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    Monday, May 23, 2005
    Silver Anniversary for the Torrances

    Stanley Kubrick's film The Shining was released 25 years ago today. Yes, I'm sure you're all happy to know that. I am, because I was trying to figure out how to post about it without sounding like an absolute idiot. Gee, I just saw this movie last weekend and it was unbelievable! Oh yeah, and it's a twenty-five-year-old classic and I never saw it before.

    I've never read the book - I'm not that much of a Stephen King fan, though I generally enjoy his TV adaptations that pop up every once in awhile. I caught the end of the miniseries version (sanctioned by King, who wanted it done His Way) several years ago and was unimpressed with the gooey ending. Dad comes to his senses at the last second, dies a heroic death, goes to heaven and gets to come back to see his kid graduate - I swear I am not making that part up. Fortunately, by the time his next miniseries came along a couple of years later King must have learned from his error and presented us with a really good story I've posted about before, ages ago: Storm of the Century. He had the guts to write a downbeat ending for that one. (Off the point, SotC will be rerun over Memorial Day weekend: keep an eye out for it.)

    So, anyway, back to The Shining. The Stanley Hotel in Colorado, site of the wedding I mentioned a few posts ago, runs the film nonstop on their in-house TV channel. My brother and I started watching it the night we checked in, like idiots; I basically did not sleep that night. I haven't been able to get it out of my head since.

    I don't think I've ever seen a Kubrick film before. I was impressed by his attention to small details (like the scene where Danny is riding his trike over alternating rugs and parquet floors, and all you can hear is the changing sound of the trike wheels while the camera is zooming along behind him). His decision to change to the hedge maze for the climactic scene instead of messing around with topiary animals coming to life was a smart one. Basically, Kubrick's motto seems to have been Less Is More, or should I say, Less Is Scarier. Make no mistake, this is a terrifying movie. He tweaked the plot points to good effect: no redemption is to be had for Jack here and the good guys don't necessarily survive, unlike King's book. (I'm trying to avoid spoilers.) Kubrick doesn't spell out every single thing that happens in the hotel or the meaning of the picture we see at the end. Was Jack there before? Did he get trapped in the picture after the incidents in the movie? We just don't know, and the more we speculate, the freakier it gets.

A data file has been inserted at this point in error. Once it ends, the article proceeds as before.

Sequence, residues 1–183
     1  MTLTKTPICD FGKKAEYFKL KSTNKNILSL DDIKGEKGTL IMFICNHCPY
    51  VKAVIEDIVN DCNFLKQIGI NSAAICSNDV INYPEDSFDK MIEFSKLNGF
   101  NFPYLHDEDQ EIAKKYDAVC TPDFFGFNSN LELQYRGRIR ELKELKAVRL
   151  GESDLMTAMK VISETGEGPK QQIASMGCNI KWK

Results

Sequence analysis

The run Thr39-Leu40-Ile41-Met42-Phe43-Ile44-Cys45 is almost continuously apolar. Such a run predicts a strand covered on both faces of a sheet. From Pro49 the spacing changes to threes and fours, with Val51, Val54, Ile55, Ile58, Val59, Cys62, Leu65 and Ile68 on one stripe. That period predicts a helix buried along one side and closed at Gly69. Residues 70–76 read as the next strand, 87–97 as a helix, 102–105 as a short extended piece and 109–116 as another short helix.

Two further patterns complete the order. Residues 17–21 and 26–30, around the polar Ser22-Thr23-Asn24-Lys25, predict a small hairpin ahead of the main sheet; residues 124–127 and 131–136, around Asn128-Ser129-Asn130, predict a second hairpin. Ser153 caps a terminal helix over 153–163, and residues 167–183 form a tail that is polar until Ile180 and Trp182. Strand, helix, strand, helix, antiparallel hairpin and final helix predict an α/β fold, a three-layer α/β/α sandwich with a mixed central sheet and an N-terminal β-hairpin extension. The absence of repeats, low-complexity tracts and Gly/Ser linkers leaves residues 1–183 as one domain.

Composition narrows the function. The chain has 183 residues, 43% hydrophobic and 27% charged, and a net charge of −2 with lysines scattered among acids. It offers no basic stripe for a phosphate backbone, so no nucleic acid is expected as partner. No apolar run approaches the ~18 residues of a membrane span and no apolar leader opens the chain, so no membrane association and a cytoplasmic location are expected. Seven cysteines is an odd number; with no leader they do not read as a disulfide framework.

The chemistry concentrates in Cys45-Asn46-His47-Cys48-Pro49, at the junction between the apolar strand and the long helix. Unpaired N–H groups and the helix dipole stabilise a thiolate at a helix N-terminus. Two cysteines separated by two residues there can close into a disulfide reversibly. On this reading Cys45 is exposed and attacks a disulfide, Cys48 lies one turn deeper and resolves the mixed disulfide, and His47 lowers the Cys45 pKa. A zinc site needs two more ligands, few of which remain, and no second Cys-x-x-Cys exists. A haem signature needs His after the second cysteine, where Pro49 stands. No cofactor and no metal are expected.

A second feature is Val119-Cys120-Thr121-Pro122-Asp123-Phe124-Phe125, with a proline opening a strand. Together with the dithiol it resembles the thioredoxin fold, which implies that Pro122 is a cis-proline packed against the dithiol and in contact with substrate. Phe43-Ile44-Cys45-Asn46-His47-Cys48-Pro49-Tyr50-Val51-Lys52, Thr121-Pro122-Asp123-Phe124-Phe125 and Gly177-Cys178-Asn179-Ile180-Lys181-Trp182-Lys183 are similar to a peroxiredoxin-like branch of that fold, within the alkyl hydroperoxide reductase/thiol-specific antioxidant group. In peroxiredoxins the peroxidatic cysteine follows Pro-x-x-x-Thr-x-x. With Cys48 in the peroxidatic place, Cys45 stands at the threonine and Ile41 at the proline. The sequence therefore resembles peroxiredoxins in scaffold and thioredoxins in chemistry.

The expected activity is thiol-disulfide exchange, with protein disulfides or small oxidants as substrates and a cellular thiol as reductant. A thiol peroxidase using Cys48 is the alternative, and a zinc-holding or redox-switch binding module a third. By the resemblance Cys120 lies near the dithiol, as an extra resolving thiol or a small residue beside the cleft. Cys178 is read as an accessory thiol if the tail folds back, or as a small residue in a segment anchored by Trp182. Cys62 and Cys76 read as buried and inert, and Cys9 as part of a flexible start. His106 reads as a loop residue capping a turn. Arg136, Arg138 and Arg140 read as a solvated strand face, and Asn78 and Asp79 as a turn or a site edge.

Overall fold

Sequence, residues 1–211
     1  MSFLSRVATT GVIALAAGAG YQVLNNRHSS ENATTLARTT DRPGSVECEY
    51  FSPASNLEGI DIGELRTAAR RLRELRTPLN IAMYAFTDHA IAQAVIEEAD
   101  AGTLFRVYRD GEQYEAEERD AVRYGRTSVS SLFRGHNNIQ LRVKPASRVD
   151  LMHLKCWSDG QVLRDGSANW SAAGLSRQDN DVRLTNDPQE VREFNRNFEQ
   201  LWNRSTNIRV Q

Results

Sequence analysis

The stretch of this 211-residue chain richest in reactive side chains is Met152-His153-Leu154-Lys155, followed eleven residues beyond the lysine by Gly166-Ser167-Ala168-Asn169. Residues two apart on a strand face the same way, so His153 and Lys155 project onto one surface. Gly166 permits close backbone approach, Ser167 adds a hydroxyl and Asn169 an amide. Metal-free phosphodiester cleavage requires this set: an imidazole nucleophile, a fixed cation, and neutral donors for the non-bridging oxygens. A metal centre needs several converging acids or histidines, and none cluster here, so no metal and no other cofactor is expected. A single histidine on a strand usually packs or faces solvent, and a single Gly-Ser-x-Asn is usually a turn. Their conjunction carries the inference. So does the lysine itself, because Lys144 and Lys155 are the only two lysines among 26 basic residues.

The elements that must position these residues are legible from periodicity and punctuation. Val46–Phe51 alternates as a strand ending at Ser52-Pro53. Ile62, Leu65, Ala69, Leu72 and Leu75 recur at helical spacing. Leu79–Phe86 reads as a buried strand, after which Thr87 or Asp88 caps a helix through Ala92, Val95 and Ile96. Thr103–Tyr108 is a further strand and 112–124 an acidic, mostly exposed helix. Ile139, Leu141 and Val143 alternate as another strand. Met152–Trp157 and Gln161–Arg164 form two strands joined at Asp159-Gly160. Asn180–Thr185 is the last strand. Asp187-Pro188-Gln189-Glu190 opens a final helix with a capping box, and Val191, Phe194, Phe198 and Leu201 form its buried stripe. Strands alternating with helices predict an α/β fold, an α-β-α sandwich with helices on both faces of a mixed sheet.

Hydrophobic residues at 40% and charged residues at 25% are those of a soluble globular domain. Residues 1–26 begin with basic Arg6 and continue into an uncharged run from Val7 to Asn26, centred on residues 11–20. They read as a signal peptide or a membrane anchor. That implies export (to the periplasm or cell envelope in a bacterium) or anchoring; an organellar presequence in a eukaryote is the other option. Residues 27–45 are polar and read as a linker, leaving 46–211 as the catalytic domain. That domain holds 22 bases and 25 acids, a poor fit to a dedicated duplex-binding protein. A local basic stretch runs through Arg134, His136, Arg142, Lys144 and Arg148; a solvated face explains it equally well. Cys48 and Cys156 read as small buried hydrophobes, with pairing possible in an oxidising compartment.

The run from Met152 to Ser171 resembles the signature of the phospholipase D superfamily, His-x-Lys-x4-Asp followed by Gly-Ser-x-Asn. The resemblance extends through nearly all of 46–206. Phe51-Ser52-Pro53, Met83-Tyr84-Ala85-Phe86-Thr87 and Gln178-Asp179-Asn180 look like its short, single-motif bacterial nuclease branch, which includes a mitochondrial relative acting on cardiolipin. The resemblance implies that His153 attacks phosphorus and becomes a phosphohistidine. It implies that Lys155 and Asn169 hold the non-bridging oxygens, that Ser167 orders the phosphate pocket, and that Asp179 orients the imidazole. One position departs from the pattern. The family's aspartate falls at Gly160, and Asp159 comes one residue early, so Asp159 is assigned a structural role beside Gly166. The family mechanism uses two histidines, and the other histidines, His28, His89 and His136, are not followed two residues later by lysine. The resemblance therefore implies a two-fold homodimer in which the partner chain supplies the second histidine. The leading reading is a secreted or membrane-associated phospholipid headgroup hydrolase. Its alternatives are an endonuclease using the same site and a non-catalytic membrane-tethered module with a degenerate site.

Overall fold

Working with Danny Lloyd, the actor who played Danny Torrance, Kubrick had to keep within certain restrictions so as not to terrify the poor kid. He succeeded brilliantly - the actor has said that he didn't realize The Shining was a horror film until well after shooting was completed. This also gave power to the "Room 237" scene: We don't know what Danny encounters in the room. We only see him afterwards, so traumatized that he's sucking his thumb and unable to speak; "Tony" takes him over shortly afterwards. You can't say that's not scary... and when his mother assumes he's been brutalized by his father, that's even scarier. The way Shelly Duvall and Jack Nicholson play their roles, you just know they're in an abusive relationship before they even get to the hotel. The scene where Jack is unable to work and lets off steam by hurling a tennis ball at the wall, over and over again, lets us know right away that we're dealing with an angry guy.

    Anyway, see the movie. It's brilliantly done and there's a lot more to it than blood and guts - in fact, there's a surprisingly small amount of violence in the film; it's the buildup that gets you. When a director can make you jump just by flashing a cue card at the screen that says


    that's when you know you're in the hands of someone really, really good.



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